Seeking donors for Auschwitz-Birkenau memorial
What began as a last-minute visit to one of the most solemn places in history has grown into a nationwide campaign supported by many distinguished people and groups, including the Canadian and Polish ambassadors and the Centre for Israel and Jewish Affairs. Canadians Remember is a grassroots campaign relying on the goodwill of average Canadians to spread the word of the need for preservation and restoration at Auschwitz-Birkenau in Poland. The former German Nazi concentration camp – where more than 1.1 million Jews, Roma, Sinti, Poles, Russians and other Europeans were systematically killed during the Second World War – is reaching out for support of its Perpetual Fund.
“Since visiting Auschwitz, we’ve learned that a remarkable number of connections to the camp exist in Canada,” said campaign director Rob Carter. “Many Canadian success stories began with the small number of people who survived the Holocaust.”
Funds raised by Canadians Remember will be presented to the Auschwitz-Birkenau Foundation in 2015 to commemorate the 70th anniversary of the camp’s liberation. The foundation’s director, Piotr Cywinski, endorses the Canadian campaign and has pledged to install permanent recognition at Auschwitz, listing Canadians as a “Pillar of Remembrance” if the campaign can raise one million euro. All net funds raised go to the foundation’s Perpetual Fund, created in 2009 to enable the redevelopment of the museum and the preservation of the historic facility. In 2012, Canada’s federal government donated $400,000 to the fund. The Canadians Remember team hopes to raise $2.5 million, a figure in line with donations pledged by other countries, including Germany, France, Great Britain and the United States.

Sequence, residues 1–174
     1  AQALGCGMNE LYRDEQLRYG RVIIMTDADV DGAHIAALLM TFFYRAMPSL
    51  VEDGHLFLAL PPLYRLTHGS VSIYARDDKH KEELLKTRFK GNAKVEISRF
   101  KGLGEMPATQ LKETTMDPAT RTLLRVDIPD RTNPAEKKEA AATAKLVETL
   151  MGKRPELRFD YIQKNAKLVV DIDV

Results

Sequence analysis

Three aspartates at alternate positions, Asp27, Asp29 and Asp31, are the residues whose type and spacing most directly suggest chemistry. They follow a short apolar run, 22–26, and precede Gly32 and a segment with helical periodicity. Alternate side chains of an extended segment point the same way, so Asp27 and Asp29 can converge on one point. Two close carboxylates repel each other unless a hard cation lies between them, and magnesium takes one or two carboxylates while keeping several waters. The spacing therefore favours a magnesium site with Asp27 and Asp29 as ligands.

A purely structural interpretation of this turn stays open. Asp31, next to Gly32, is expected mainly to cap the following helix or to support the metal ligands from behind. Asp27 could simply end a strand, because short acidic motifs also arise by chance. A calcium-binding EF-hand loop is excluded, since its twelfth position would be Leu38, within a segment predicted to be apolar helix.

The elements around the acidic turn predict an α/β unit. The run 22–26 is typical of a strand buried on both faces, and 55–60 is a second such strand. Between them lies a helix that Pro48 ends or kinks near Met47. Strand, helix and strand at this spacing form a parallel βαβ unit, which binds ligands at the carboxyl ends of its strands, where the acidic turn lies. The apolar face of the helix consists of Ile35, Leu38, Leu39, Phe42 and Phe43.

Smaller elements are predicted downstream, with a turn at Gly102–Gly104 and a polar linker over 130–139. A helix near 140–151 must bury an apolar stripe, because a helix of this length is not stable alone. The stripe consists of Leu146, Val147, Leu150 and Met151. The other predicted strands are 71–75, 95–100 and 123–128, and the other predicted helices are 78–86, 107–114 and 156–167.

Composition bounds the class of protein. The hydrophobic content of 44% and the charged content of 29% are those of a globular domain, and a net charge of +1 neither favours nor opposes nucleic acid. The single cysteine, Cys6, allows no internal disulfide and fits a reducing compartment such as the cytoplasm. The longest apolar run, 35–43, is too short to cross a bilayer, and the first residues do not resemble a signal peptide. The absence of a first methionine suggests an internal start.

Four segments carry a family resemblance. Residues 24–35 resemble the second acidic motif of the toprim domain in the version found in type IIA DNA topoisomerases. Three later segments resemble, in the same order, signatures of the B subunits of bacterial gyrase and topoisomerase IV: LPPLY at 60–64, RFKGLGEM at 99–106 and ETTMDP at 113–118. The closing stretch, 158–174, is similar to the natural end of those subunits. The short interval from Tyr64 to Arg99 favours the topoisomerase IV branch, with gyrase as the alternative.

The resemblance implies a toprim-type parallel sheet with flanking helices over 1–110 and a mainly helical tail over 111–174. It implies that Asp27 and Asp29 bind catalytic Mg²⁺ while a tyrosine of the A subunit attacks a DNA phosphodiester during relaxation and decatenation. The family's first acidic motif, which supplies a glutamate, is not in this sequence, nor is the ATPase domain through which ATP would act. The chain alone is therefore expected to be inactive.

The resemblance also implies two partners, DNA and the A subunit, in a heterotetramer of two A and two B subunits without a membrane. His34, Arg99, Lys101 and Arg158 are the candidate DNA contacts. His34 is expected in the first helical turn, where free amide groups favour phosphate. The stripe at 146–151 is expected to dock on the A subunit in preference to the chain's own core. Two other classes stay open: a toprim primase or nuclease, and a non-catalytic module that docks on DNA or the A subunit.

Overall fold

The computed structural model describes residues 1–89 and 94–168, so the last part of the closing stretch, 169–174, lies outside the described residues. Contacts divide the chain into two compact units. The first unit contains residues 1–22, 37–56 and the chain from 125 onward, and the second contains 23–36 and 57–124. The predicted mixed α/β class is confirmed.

Each year, many more than one million visitors from around the world arrive at Auschwitz-Birkenau to view the museum and memorial. The remains of the concentration camp stand today as a cemetery and as evidence of the horrors of which humanity is capable. The site is also a warning to future generations about the realities of the Holocaust, genocide and prejudice.
In addition to Auschwitz survivors like George Brady (widely known from Hana’s Suitcase, the story of his sister), the campaign’s early supporters include Canada’s Ambassador to Poland Alexandra Bugailiskis and Polish Ambassador to Canada Marcin Bosacki. “We believe that Canadians of all walks of life will recognize the importance of this initiative not only for Auschwitz, but its relevance in today’s socio-political environment,” said Bosacki.
For only $1, donors can add a photo of themselves to the website’s donor wall. By encouraging Canadian citizens – of all ages, religious affiliations and cultural backgrounds – to donate just $1 each, the Canadian public can make a gesture of remembrance and support for Holocaust education. Canadiansremember.ca provides the details of the campaign, and accepts donations via PayPal.
– Courtesy of Canadians Remember